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24 hours in the Write Lane

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By Birdie Jaworski

This weekend, the Kluge Auditorium at the United World College will swell with frustration, laughter, and time-driven panic as 60 students and members of the Las Vegas community stare at blank sheets of paper, willing words to coalesce from the high altitude, from a few props and sheer hope. Theatre Arts Instructor Tim Crofton maniacally grins as he explains the 24-Hour Playwriting Project.

“This is our fifth annual program. We gather at 8 p.m. Saturday in the auditorium with nothing but a few props,” said Crofton, “and by 8 p.m. Sunday, we present the world premiere of ten brand-spanking new plays. We always have a riotously good time, guaranteed.”

Overnight playwriting projects have been produced in major cities across the world, often to both critical ridicule and acclaim. Typically, attendees are given a short list of props, situations, and lines that must be included in the play. For example, at a recent 24-hour event in Toronto, writers had to include an unusual phobia, an ice cream truck, a guilt trip, and the line “What do you intend to do with my shoes?” in their finished play.

Crofton refuses to hand over the eclectic short list for this weekend’s event with the exception of one item — a fortune cookie.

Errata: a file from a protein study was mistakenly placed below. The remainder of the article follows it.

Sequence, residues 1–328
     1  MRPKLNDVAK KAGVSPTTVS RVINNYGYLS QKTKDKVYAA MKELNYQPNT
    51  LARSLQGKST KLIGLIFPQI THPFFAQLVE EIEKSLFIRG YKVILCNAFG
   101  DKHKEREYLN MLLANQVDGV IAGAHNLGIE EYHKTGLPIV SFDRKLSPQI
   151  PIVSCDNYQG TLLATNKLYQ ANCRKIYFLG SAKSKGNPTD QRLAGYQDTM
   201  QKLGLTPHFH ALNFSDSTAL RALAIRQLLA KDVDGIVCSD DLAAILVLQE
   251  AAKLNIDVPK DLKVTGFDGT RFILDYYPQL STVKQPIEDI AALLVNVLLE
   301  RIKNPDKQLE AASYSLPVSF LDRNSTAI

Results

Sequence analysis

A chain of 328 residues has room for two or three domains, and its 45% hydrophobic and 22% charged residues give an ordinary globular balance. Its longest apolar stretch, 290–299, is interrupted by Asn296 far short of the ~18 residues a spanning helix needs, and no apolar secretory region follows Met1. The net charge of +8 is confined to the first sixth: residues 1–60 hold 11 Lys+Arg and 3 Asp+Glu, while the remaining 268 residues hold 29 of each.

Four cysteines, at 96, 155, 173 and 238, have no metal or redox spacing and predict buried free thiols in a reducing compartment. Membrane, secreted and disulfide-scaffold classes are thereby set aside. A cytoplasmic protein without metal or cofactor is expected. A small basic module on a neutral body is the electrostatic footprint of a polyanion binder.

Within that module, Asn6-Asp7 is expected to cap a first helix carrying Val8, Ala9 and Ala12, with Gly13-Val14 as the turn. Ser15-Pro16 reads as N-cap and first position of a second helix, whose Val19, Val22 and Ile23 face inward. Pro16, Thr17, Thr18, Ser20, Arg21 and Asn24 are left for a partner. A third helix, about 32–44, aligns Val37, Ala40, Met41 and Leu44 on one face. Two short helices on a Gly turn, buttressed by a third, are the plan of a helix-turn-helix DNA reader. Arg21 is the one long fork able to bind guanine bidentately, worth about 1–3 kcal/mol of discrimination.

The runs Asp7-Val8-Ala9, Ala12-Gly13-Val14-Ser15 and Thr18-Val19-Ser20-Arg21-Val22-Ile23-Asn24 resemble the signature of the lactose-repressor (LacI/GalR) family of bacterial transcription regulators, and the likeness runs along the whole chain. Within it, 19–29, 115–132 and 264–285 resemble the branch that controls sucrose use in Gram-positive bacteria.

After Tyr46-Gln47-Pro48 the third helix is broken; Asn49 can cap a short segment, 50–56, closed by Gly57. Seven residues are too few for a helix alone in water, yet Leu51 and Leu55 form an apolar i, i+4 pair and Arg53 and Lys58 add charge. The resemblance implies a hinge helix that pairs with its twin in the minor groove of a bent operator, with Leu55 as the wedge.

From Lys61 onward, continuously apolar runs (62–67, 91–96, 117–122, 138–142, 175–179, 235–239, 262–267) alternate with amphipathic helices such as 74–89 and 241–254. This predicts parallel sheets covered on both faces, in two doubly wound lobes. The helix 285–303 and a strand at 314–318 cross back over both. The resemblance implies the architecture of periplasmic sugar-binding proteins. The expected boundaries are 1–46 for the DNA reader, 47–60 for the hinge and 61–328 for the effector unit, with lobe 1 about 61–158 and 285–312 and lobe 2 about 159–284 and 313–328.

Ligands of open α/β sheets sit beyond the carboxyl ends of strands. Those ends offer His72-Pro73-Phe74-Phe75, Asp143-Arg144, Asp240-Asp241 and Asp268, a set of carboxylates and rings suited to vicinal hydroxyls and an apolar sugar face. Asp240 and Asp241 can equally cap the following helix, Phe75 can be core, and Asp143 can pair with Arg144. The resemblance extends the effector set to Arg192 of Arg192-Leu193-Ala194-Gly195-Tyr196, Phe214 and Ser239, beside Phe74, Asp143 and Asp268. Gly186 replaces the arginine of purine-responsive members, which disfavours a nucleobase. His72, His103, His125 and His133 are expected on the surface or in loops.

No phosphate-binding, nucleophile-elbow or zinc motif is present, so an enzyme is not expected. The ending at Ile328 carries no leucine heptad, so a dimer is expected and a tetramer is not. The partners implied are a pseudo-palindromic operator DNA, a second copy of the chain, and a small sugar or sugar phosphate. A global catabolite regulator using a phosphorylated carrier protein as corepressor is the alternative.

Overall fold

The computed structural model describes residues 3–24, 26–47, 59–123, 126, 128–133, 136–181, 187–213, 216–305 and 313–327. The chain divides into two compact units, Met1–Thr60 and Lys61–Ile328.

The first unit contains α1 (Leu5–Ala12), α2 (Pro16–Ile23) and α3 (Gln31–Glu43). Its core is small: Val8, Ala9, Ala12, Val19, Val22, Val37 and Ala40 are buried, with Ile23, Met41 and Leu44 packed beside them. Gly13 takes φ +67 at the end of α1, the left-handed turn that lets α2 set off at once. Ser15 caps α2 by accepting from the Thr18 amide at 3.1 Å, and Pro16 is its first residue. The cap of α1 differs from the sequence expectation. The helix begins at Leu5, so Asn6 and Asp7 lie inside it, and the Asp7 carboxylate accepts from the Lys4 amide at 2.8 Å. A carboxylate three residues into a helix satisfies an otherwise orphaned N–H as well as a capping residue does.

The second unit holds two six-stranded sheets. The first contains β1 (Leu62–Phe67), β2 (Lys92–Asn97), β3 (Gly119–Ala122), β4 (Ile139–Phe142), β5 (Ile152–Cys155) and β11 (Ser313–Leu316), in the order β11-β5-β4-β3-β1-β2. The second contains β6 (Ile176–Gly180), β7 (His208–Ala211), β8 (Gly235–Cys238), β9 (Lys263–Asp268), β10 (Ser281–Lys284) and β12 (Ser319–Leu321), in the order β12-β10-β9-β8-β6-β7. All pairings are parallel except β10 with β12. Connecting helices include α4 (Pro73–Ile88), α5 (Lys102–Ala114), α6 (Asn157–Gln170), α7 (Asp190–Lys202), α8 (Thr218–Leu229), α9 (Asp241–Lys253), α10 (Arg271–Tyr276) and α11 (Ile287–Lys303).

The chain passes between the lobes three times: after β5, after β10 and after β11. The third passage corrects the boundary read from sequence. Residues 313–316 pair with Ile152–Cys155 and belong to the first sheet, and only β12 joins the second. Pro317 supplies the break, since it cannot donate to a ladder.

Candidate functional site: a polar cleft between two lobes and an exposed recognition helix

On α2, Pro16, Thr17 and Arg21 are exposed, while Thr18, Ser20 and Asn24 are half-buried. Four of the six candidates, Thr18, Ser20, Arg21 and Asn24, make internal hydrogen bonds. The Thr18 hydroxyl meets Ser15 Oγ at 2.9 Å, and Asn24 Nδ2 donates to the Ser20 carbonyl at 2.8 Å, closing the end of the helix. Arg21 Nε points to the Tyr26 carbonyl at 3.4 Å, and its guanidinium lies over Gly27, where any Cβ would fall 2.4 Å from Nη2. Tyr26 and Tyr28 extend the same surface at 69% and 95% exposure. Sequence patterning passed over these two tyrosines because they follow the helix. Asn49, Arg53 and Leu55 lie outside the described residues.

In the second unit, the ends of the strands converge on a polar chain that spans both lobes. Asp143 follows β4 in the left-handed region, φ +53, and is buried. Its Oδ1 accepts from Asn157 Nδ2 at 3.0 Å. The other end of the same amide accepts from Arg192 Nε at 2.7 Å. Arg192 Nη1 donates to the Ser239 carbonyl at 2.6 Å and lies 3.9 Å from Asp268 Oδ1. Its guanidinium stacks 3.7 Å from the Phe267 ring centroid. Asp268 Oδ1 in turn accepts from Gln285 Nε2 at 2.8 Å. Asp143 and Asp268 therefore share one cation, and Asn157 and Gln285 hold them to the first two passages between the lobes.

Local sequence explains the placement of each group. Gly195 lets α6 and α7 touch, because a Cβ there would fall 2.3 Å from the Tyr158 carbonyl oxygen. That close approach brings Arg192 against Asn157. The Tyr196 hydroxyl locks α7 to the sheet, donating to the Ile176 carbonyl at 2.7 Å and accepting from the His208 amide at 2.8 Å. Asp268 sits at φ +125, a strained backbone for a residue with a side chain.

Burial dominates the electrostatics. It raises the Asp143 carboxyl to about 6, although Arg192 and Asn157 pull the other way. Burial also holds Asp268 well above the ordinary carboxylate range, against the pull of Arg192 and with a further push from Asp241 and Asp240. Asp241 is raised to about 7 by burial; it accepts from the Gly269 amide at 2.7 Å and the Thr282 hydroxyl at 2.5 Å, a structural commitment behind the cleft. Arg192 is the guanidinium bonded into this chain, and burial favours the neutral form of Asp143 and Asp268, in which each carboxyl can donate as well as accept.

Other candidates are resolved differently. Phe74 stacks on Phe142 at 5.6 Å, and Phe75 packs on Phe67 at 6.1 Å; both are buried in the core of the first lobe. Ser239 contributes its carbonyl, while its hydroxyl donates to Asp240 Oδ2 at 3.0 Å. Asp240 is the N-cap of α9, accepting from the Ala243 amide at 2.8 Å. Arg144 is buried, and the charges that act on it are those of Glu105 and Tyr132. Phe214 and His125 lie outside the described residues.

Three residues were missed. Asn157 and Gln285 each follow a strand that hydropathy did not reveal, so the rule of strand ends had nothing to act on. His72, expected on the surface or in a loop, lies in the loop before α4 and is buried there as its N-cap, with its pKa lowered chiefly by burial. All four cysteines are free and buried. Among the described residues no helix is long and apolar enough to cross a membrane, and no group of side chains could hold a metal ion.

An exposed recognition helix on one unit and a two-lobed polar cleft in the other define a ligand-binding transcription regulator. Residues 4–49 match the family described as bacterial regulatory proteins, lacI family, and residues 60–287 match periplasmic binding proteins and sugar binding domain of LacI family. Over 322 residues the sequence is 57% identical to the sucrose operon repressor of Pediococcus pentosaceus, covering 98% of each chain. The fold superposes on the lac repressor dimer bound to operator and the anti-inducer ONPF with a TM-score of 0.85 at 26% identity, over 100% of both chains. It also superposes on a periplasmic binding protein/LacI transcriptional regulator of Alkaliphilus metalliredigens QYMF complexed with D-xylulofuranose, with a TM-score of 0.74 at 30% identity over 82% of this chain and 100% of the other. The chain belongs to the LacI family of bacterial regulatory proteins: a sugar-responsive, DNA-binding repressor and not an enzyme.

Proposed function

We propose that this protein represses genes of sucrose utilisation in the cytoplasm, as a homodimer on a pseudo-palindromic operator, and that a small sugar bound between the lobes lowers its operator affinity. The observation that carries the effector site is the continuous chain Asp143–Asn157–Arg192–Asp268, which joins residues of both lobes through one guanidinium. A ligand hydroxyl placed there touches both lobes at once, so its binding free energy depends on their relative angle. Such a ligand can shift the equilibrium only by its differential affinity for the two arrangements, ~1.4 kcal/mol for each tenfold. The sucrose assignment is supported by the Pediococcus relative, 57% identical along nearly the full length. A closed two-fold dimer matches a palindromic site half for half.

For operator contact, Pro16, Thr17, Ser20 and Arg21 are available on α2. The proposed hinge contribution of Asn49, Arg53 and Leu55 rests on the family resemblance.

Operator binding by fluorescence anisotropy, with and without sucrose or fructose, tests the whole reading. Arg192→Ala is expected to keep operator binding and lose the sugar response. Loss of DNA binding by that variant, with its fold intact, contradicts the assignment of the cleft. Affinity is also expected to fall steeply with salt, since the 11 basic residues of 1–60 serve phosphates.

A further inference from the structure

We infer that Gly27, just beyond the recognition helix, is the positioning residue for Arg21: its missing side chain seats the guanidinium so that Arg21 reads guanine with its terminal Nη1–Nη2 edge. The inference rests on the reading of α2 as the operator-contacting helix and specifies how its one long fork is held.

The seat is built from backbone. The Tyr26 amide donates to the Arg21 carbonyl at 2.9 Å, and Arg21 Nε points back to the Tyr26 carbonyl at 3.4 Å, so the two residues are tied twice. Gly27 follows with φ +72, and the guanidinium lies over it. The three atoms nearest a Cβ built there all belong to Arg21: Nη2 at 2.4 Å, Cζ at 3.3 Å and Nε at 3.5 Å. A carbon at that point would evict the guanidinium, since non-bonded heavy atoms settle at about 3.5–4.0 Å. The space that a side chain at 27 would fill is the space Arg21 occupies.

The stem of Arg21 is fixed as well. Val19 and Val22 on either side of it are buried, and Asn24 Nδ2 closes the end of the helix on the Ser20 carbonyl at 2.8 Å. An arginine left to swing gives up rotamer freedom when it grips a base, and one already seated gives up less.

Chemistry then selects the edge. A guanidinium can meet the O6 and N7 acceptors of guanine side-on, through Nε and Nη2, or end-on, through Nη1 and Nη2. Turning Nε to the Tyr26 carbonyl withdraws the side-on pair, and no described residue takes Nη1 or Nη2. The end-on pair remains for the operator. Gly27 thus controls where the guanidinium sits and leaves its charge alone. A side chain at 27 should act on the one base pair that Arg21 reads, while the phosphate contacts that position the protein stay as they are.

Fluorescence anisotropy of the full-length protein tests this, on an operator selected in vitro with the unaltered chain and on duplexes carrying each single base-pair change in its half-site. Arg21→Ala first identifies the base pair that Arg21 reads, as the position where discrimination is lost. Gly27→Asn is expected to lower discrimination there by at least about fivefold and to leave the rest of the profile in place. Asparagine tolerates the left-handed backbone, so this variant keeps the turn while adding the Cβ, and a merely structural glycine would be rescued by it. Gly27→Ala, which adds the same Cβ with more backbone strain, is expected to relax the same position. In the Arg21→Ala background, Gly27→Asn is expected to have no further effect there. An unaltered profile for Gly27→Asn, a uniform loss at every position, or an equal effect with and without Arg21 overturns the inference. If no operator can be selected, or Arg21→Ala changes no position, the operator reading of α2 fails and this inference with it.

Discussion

“The point of the project is to stretch the limits of your imagination and will. We can’t be giving out the list ahead of time.” Crofton paused for dramatic effect. “What I can tell you is that the list of required props and lines will make you laugh and nervously sweat at the same time.”

Participants will begin writing at the stroke of 8 p.m. Saturday, and have exactly 12 nerve-wracking hours in which to write their ten-minute scripts.

“There are no limitations as to what the play can be about,” explains Crofton. “It can be in any format or genre. You can write a comedy if you like, or a monologue, a drama. I’m always surprised at the incredible creative gems that come out of this event.”

At 8 a.m. Sunday, the plays are handed to waiting directors, who quickly read and cast the scripts, moving straight into a chaotic twelve-hour rehearsal. Actors, directors, and stage hands must rehearse, learn lines by heart, collect props and costumes, and organize sound and lighting in time for the world premiere of their play, exactly 24-hours after the first meeting.

“It’s a huge challenge for all involved,” Crofton says. “The process forces focus from the playwright to the director to the actor to the stage manager. Some folks take on multiple roles throughout the evening. It’s almost terrifying. There will be no procrastination luxury.”

The public is welcome to attend the performance at 8 p.m. Sunday.

“Expect the unexpected” is Crofton’s advice. “You never know what the writers are going to cook up.”

The fifth annual 24-hour playwriting project commences 8 p.m. Saturday Jan. 12, at Kluge Auditorium, UWC, with a performance in the auditorium at 8 p.m. Sunday, Jan. 13. Call Tim Crofton for more information at 454-4229.